Eggs are packed full of beneficial nutrients.
They are a great source of high-quality protein, healthy fats, and contain a variety of vitamins and minerals including Vitamin A, vitamin B12, vitamin D, choline, and iodine, some of which are hard to get from other food sources.
The protein in eggs is considered high quality because it supplies all nine essential amino acids.
Essential nutrients are something our bodies cannot produce and we must obtain from food.
Amino acids are building blocks used by our bodies to create proteins and perform other important functions.
Here are all the reasons why nutritious eggs should be included in a healthy diet.
- Energy: 74 calories
- Protein: 6.3 grams (g)
- Total Fat: 4.4 g of which 1.6 g (35%) is saturated fat
- Choline: 169 mg or 35% of the daily value (DV)
- Vitamin B12: 0.55 mcg or 23% of the DV
- Vitamin D: 44 IU or 7% of the DV
- Vitamin A: 260 IU or 8% of the DV
- Iodine: 27 mcg or 18% of the DV
- Cholesterol: 165 mg or 55% of the DV
The protein in eggs is found in both the egg white and in the yolk.
The majority of the vitamins, minerals, fat, and cholesterol are concentrated in the yolk.
For many years we were told to avoid egg yolks because of their high cholesterol content.
However, we were missing out on many valuable nutrients by eating only the egg white.
Recent research has proven that the cholesterol in eggs does not adversely affect our health. Here is why.
Cholesterol Content Controversy
Two whole eggs provide more than 100% of the total RDI of cholesterol.
It was thought that a diet high in cholesterol translated into high levels of blood cholesterol which is linked with heart disease and risk of heart attack and stroke.
We now understand that our body is able to produce cholesterol on its own. Much of the cholesterol we eat does not get absorbed.
Research has shown that in 75% of healthy people eggs have no effect on blood cholesterol levels.
The other 25%, called hyper-responders, may see their LDL levels go up by a small amount, but HDL levels also increase.
In healthy populations, the evidence shows that cholesterol from eggs does not increase the risk of heart disease (1).
Experts suggest eating an average of one egg per day or breaking this up to eat two or three eggs a couple of times per week.
National guidelines in the United States have recently been changed to reflect this new way of thinking about cholesterol.
The 2015-2020 Dietary Guidelines for Americans (DGA) officially removed the recommendation to limit dietary cholesterol to 300 mg per day (2).
The DGA continues to emphasize limiting the intake of cholesterol-containing foods.
This is because many foods that are high in cholesterol are also high in saturated fat and added sugar, nutrients that are generally over consumed have a proven history of causing chronic health problems.
What Are the Benefits of Eating Eggs?
Now that we know they are not a risk to our long term health, let’s focus on the health benefits associated with regular consumption of eggs.
Eggs have been linked with improved brain health, weight loss, improved blood cholesterol levels, and the prevention and reversal of age-related eye diseases.
Here are eight reasons why you should consider making eggs a part of your regular diet.
Omega 3 Fatty Acids
Omega 3’s have been shown to help prevent heart disease and play a role in improving brain health.
Eggs naturally contain a small amount of omega 3s.
However, when flax seeds or fish oil are added to a hen’s feed the omega 3 fatty acid content increases significantly.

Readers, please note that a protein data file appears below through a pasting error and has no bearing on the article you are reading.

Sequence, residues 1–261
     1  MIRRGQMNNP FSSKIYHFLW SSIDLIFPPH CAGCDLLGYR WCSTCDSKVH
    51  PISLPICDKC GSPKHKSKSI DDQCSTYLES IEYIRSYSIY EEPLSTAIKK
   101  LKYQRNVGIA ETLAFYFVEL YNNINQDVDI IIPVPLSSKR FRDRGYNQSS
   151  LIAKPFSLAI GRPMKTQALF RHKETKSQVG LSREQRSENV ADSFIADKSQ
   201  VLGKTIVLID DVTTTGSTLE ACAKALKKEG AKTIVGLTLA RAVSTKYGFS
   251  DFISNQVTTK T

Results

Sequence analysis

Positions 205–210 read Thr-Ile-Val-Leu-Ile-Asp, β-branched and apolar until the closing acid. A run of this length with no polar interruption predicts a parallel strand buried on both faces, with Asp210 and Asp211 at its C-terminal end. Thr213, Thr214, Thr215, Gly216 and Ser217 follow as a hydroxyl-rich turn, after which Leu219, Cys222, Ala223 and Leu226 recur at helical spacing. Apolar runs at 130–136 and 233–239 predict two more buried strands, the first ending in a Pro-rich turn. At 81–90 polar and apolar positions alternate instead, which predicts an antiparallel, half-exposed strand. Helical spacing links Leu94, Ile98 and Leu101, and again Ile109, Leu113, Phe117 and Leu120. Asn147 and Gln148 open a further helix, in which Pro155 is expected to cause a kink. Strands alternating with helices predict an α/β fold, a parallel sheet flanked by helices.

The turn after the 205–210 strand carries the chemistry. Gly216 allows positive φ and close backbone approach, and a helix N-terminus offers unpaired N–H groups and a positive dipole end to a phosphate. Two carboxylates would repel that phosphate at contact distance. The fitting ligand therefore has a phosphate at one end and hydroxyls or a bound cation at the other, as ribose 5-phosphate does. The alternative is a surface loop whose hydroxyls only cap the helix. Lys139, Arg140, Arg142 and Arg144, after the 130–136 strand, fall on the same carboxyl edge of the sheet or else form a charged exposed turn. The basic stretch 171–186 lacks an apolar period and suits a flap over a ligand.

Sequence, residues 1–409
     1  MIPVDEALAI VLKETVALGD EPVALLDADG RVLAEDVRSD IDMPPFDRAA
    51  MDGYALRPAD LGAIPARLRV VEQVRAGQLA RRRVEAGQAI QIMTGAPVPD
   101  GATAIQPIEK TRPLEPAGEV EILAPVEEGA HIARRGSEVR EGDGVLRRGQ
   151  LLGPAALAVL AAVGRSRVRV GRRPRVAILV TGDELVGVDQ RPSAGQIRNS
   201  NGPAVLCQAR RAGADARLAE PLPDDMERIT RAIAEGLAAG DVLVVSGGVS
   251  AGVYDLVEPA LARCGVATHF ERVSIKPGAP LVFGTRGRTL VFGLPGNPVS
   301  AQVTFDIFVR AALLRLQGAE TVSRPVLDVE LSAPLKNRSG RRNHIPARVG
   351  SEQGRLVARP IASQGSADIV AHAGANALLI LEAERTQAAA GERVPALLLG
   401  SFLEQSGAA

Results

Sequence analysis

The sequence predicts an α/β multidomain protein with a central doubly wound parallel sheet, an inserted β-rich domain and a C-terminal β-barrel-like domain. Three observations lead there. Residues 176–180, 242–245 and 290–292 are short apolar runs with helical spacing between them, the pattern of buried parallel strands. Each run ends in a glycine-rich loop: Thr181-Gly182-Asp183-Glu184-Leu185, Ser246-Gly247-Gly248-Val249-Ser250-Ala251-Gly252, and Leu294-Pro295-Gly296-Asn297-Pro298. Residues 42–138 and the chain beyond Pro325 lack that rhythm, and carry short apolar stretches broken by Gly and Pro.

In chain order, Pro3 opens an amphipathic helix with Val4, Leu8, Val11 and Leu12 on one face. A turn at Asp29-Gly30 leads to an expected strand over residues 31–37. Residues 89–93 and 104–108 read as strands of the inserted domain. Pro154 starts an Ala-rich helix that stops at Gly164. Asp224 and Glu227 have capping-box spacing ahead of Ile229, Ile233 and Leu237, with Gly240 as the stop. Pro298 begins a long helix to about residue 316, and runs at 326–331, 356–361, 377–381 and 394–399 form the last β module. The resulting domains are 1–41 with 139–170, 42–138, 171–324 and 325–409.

A study compared the omega 3 content of conventional, organic, and omega 3 eggs.
They found that conventional and organic eggs had about the same omega 3 levels.
Omega 3 eggs had five times more omega 3 fats including twice as much DHA when compared to the conventional or organic eggs (3).
Omega 3 eggs can help boost your intake of these valuable healthy fats.
Support a Healthy Brain
Eggs are an excellent source of choline, an under-consumed nutrient that is essential for brain health, metabolism, muscle control, and other nervous system functions.
Recent research has found that people who eat foods rich in choline are at a lower risk of dementia and long term cognitive decline (4).
One egg contains 35% of the recommended daily intake (RDI) of choline.
Eggs are a good source of the mineral iodine. Iodine is essential for the proper functioning of the thyroid gland which plays a role in growth, development, and metabolism in our body.
One egg provides 18% of the RDI of iodine. Other major sources of iodine in our diet include seafood and dairy products.
Food Source of Vitamin D
Eggs are one of the few food sources of vitamin D in our diets. One whole egg contains about 7% of the RDI of vitamin D. Like most other egg nutrients all of the vitamin D in eggs is found in the yolk.
Many nutrients found in eggs have been shown to be healthy for your eyes. These include vitamin A, zinc, and the carotenoids lutein and zeaxanthin.
Carotenoids are compounds that naturally provide color to foods and have been shown to have biological activity in our bodies.
Common carotenoids in our diet include beta carotene in carrots and lycopene in tomatoes.
Lutein and zeaxanthin have been shown to help prevent or treat age-related macular degeneration when consumed on a regular basis.
A diet full of carotenoids containing fruits, vegetables, and eggs has also been linked with other favorable health benefits including improved cognitive performance (5).
May Play a Role in Weight Loss
The high-quality protein found in eggs may help promote lower levels of belly fat (6). Increasing protein intake can also play a role in weight loss.
Replacing carbohydrates with protein, for example replacing toast with scrambled eggs at breakfast boosts the production of appetite-suppressing hormones.
This can help you eat less and feel full longer, boosting your chances of weight loss success (7).
Improve Blood Cholesterol Levels
Egg consumption has been linked with positive effects on blood cholesterol.
They have been shown to raise levels of good HDL cholesterol, especially when consumed as part of a weight-loss diet.
In addition, while eggs may raise levels of LDL cholesterol in a small number of people, they also change the composition of LDL lipoprotein particles to larger, less harmful type that is not associated with cardiovascular disease. Even better, when consumed as part of a weight-loss diet eggs do not appear to raise LDL levels.
The message is clear.
When consumed as part of a healthy diet, especially with a reduced-calorie intake in an attempt to lose weight, eggs have a beneficial effect on blood levels of cholesterol (8).